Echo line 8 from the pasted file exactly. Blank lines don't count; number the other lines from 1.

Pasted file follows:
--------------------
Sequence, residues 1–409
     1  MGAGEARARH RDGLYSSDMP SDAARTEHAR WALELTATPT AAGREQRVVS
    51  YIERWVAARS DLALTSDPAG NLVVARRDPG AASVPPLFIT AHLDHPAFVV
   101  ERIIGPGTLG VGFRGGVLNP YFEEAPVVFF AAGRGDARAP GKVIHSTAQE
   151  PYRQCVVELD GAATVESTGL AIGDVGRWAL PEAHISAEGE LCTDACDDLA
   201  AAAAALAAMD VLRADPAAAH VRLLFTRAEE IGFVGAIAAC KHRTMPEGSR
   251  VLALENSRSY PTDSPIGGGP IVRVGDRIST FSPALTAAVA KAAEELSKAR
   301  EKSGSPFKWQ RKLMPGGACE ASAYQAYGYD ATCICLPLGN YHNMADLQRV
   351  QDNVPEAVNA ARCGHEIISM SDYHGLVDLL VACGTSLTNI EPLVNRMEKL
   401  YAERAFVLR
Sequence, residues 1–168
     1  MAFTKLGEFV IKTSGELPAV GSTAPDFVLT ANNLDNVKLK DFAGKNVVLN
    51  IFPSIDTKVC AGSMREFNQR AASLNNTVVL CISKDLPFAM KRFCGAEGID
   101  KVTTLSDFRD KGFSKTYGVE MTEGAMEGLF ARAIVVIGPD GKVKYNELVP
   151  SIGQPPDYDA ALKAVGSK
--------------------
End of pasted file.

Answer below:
   301  EKSGSPFKWQ RKLMPGGACE ASAYQAYGYD ATCICLPLGN YHNMADLQRV